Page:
Religion and the Scientific Revolution: Copernicus, Galileo, Kepler, and Bacon

Tabulae Rudolphinae

Lesson Plan

Grade Level:

9th grade


3 periods

Content Standard:

9th grade history: Explain how Enlightenment ideas produced enduring effects on political, economic and cultural institutions, including challenges to religious authority, monarchy and absolutism.

Primary Sources:

Kepler, Johannes.  From Astronomia Nova.
Bacon, Francis. Epistle Dedicatory to James I.  From The Great Instauration. 


This lesson will guide students to look at the writings of scientists of the Scientific Revolution about the relationship between science and religion. The key point is that the famous confrontation between Galileo and the Roman Catholic Church was not typical of the time. Primary sources will give the students insight into how European thinkers did not set out to destroy religion, but instead were interested only in scientific truth.

Instructional Steps:

Day 1
Students will read the “Indictment” and “Sentence” from the Documents in the Case of Galileo, paying particular attention to the “Indictment” and using the Document Analysis Worksheet: Galileo Indictment to guide their reading. After the students complete the questions, come back together to discuss the reading and the finding of each group as a class.
Students will be divided into groups of two or three, and assigned the other sources above. Each of these primary sources contains insight into how scientists were not out to attack the Catholic Church, but instead were trying to advance knowledge, but sometimes used different strategies to do so. The students will read and analyze the source using the Document Analysis Worksheet: Religion & Science.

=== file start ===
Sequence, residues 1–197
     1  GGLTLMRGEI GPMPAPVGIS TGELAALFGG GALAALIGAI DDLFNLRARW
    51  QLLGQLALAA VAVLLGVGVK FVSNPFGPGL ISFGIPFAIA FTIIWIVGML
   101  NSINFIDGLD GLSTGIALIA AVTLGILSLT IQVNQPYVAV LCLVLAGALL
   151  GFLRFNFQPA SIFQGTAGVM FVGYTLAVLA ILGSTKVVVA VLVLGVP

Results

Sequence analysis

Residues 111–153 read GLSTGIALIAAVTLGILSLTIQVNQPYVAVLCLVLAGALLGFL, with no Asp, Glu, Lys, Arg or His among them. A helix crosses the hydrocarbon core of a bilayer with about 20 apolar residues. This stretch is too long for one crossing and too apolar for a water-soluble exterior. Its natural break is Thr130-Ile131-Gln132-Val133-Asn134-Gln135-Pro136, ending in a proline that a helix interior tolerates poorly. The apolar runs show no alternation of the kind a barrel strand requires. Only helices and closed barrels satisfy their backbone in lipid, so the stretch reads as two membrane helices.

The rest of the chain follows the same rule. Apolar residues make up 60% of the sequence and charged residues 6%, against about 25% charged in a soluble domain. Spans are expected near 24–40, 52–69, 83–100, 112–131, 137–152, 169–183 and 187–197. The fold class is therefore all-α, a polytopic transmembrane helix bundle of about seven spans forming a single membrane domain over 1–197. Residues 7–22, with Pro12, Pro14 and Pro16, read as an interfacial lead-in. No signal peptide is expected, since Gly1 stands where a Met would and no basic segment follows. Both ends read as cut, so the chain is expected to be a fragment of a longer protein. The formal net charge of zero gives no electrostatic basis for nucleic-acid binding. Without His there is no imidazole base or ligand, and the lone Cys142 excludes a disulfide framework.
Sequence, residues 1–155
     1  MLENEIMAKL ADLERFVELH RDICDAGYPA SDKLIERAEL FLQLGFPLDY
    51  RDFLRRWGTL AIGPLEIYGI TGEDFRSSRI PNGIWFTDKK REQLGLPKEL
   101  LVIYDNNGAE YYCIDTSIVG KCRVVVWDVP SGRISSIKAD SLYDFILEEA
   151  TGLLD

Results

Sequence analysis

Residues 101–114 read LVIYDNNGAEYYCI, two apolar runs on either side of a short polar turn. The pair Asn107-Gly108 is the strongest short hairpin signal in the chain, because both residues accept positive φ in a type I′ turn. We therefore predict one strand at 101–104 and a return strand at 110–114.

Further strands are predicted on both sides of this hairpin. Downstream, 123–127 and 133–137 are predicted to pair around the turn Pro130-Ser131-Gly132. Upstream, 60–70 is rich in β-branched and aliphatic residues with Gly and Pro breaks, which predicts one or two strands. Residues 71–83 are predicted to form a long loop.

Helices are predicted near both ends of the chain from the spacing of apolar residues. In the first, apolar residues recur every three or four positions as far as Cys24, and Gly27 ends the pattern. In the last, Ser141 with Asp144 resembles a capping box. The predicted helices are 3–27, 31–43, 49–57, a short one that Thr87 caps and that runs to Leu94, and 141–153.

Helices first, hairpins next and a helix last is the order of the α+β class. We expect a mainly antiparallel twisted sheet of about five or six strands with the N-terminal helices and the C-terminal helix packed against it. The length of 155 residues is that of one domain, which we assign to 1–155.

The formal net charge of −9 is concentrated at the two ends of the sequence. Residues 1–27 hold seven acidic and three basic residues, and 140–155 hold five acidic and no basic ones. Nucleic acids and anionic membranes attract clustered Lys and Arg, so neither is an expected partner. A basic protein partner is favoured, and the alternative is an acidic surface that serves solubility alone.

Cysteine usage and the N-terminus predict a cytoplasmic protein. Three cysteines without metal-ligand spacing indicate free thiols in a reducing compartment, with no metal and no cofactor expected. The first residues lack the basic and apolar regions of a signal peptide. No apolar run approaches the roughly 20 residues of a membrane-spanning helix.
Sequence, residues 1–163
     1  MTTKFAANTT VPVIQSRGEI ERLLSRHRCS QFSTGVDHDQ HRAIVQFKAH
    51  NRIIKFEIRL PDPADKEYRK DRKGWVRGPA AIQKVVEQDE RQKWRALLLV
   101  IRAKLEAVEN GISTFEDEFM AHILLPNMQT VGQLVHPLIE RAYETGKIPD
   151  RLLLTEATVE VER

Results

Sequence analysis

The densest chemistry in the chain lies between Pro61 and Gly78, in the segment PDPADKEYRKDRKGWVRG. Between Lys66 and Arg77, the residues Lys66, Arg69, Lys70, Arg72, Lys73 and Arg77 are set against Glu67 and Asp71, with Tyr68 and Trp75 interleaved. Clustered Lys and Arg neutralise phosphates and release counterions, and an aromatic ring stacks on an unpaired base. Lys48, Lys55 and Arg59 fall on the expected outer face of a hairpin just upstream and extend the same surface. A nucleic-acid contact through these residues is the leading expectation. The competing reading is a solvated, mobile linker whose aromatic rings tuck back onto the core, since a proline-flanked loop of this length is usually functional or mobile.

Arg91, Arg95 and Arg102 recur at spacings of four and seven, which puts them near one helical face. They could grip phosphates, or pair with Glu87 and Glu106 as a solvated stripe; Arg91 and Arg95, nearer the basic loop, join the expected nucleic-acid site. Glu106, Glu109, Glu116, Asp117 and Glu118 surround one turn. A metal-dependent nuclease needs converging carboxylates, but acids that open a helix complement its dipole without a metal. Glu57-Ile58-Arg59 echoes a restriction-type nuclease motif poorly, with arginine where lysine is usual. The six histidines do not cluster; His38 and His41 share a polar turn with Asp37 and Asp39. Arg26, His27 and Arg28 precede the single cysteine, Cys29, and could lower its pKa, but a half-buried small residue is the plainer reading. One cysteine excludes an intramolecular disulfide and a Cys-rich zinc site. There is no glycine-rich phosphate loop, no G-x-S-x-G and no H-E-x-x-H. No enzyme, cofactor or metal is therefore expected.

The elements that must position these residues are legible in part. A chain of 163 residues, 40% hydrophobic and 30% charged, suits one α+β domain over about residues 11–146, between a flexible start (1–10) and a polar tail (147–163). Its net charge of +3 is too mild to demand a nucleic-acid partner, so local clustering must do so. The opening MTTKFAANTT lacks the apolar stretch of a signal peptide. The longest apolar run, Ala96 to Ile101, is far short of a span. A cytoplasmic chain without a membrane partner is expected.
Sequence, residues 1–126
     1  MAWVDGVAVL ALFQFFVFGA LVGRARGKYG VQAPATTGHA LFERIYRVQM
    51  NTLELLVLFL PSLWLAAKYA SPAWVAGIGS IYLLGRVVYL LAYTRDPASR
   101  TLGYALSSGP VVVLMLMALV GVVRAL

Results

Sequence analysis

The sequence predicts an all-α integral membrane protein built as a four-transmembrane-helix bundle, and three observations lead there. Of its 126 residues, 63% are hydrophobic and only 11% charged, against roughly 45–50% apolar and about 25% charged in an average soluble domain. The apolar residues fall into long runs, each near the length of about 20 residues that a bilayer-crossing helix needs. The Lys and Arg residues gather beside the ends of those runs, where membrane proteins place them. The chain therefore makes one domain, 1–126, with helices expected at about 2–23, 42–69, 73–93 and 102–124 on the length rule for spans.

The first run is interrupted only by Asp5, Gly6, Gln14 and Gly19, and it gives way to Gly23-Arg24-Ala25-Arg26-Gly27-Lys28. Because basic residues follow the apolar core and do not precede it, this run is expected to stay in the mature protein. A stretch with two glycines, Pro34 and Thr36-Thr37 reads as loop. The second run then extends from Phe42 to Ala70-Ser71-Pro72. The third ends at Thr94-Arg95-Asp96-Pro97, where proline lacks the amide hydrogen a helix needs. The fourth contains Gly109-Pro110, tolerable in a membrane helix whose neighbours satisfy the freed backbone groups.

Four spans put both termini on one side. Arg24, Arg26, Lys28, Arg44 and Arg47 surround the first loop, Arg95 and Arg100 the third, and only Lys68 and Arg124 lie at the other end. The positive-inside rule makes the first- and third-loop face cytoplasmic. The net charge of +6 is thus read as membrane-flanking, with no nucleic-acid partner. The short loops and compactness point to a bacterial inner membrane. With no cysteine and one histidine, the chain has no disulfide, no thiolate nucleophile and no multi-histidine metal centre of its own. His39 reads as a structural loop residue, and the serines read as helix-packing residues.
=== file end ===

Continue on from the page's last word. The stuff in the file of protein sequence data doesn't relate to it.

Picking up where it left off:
Day 2:
Each group from the day before will now participate in a visual literacy assignment—creating a comic book based on religion and its association with the Scientific Revolution.
The individual groups will brainstorm on who they want to include in their comics, how they want their characters to look, how they will present the key ideas about science and the relationship between science and religion, and the length of their work.
All groups will receive 11 X 17 drawing paper, rulers, and colored pencils.
Students are allowed to use their own colored pencils, and they will need their own pencils and pens to create the outlines for their panels and to sketch their characters.
They are required to create a comic with a minimum of six individual panels. The students will have the remainder of the class to complete the assignment.
Day 3:
The groups will share their projects with their classmates. Each group will need to explain what each panel means and why they chose to incorporate this information into their comic. One student will need to hold the group’s work or have it electronically projected on the whiteboard while another student or students explain the panels.
When this phase is completed by all the groups, we will conclude this assignment with a final discussion about how different scientists balanced religion and science.

Evaluation of the assignment:

The document analysis worksheets and comics will both be graded. The worksheet will be graded on the thoroughness of the answers while the comic will be graded on the students’ effort in completing the panels and understanding of the topic as demonstrated in their drawings.


This material will be placed on the chapter test. Also, information on the scientists can be incorporated into study of the Enlightenment.

Teacher supplied materials:

Primary sources above; Document Analysis Worksheets: Galileo Trial and Religion & Science; 11 x 17 paper; rulers; and colored pencils.

Student supplied materials:

Pencil or pen, and markers or their favorite colored pencils.

Vocabulary Words: 

Scientific Revolution, scientific method, heliocentric theory, and geocentric theory.
Created by Mitchell Rowland, with contributions by Crystal Bartley and Stuart Hobbs